Morocco, situated between Algeria and Mauritania, was the first Islamic state in Africa to be independent of the Arab Empire, or the Caliphate. It received large numbers of Jewish and Muslim migrants during the Reconquista of the 1400s, when Christian kingdoms in Europe reclaimed large areas of the Iberian Peninsula from occupying Muslim empires.
In 1912, Morocco was split into two protectorates, one Spanish and the other French, and remained a French colony until 1956, when it gained independence as the Kingdom of Morocco.
Morocco has long claimed the territory of Western Sahara as her own, over which she fought against neighbouring country, Mauritania, in 1976. Although a UN-enforced referendum on self-determination for the territory has been planned, the future of Western Sahara and its relations with Morocco remain both unresolved and uncertain.
Arabic is the official language, but French and Berber dialects are also widely spoken.
Morocco is a parliamentary constitutional monarchy, where the King, Mohammed VI, is granted executive powers and is both the political leader, as well as ‘Defender of the Faith’. The monarch is responsible for appointing a Prime Minister following elections, who, in turn, counsels him on appointing members of the cabinet.
Morocco was one of the first countries to sign the Arab Human Rights Charter in 2004, following its revision, but remains under heavy international criticism for alleged human rights abuses.
Sources of income for Morocco include the mining of various minerals, such as phosphates, as well as tourism. Unemployment is estimated at 9%. Morocco faces problems with severe land degradation, as a result of extensive farming and overgrazing, as well as pollution of coastal waters.
Of a population of roughly 31 million, it is estimated that approximately 15% of the population continue to live in poverty.3 With a 0.1% estimate of affected peoples, Morocco has one of Africa’s lowest rates of HIV Aids. However, unemployment and illiteracy remain long-term challenges, with literacy at only 54% on average.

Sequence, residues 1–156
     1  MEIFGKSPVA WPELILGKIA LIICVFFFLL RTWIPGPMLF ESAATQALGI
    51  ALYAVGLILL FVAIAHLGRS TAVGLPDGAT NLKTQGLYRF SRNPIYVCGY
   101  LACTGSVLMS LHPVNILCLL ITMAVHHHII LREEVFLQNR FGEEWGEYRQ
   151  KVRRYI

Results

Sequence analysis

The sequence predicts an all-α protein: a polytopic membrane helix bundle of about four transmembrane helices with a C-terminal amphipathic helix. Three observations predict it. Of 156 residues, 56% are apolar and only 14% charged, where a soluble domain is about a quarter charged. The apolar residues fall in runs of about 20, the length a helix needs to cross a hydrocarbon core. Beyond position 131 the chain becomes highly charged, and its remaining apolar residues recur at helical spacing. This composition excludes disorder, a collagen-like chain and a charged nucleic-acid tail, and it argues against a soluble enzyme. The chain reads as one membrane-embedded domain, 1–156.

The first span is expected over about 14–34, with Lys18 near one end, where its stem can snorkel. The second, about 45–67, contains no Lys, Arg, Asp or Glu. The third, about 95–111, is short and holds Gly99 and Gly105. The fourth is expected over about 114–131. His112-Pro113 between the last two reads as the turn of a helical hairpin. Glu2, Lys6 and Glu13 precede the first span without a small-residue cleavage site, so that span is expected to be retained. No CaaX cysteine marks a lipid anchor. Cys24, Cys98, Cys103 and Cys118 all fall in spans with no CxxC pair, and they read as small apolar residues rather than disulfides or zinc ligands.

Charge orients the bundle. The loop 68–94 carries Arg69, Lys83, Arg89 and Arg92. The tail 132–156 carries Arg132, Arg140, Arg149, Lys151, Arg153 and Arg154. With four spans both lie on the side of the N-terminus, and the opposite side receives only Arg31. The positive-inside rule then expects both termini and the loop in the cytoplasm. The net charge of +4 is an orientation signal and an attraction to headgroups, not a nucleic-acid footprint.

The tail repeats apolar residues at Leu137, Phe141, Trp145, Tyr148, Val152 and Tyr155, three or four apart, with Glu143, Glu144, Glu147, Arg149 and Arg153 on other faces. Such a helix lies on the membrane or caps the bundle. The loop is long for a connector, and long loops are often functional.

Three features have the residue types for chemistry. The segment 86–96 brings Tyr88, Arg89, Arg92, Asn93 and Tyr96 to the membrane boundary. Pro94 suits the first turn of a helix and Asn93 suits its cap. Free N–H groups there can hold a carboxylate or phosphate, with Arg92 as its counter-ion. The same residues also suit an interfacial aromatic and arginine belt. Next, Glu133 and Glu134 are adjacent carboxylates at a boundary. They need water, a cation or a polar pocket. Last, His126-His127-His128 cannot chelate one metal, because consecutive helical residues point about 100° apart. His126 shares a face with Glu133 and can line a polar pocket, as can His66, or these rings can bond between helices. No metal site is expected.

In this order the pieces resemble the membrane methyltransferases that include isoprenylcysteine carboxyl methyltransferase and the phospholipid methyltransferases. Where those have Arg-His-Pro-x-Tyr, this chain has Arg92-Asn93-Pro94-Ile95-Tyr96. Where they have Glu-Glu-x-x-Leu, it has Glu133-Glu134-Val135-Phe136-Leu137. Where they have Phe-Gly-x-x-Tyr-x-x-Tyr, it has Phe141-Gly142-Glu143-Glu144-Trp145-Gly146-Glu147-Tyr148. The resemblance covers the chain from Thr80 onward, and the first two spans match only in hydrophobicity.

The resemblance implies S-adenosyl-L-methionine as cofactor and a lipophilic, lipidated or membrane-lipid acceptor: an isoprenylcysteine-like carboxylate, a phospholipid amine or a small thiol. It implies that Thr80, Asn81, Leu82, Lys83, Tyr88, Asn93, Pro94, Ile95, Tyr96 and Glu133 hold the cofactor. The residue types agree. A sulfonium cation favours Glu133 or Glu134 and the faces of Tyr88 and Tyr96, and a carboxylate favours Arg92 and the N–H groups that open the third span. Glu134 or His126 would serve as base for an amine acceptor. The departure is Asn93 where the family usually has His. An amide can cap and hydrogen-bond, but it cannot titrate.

Morocco also continues to battle widespread corruption in government, as well as the illicit drug trade of hashish, of which it is the world’s second largest producer.
Approximately 13.2 million Moroccans have access to the internet. In the World Press Freedom Index of 2014, Morocco was placed 136th of the 180 countries assessed.
Surveys conducted in 2008 show that approximately 7.6% of Morocco’s population have watched or watch SAT-7.
The constitution allows for the freedom to practise one’s religion, and encourages religious tolerance. The distribution of non-Islamic texts and proselytising, however, is prohibited.
99% of the current population is Sunni Muslim, with the remainder consisting of a significant Jewish minority, as well as Christians, although the latter are, for the most part, expatriates, and make up an estimated 25,000 altogether.
Although considered one of the most moderate Arab countries when it comes to religion, Morocco made the headlines in March 2010 when it deported forty foreigners, claiming to have revoked their visas on the grounds that they were proletysing publicly. A further 23 expatriate Christians were deported in May 2010. Of the 63 deported, a significant portion were responsible for running and administering Village of Hope, a home for abandoned or orphaned children in Ain Leuh. In response to the international outcry at the prospect of leaving some 30 children homeless and lacking care, the Moroccan government defended their actions, claiming that the missionaries had taken advantage of the poverty of less fortunate Moroccans, targeting their children to increase the number of Christian converts in the country.
Recent concerns for the Christian minority in Morocco include alleged reports of extremists aiding the government to pursue Christians in the country by exposing them via information obtained from social networking sites, such as Twitter and Facebook. Pictures of Christians and their families have been posted on anonymous profiles, with details of their home address and their activities and roles in Church. These anonymous profiles slandering Christians and accusing them of proselytizing have been linked to the expulsion of many of the missionaries from Village of Hope, as mentioned above.
- Pray that Morocco remains a peaceful country for all its citizens.
- Pray that the government continues its fight against the illicit drug trade.
- Ask God to console and bring peace to the victims of violence and injustice.
- Pray for the continued tolerance of the Church in Morocco, both for foreigners as well as Moroccans.
- Pray for a peaceful and lasting solution to the future of Western Sahara and its implications for the nation of Morocco.
- Praise God that SAT-7 is able to broadcast Christian programmes in the Moroccan dialect into the country.
 Middle East Concern
 CIA World Factbook
 CIA World Factbook
 Reporters Without Borders
 Missions Mandate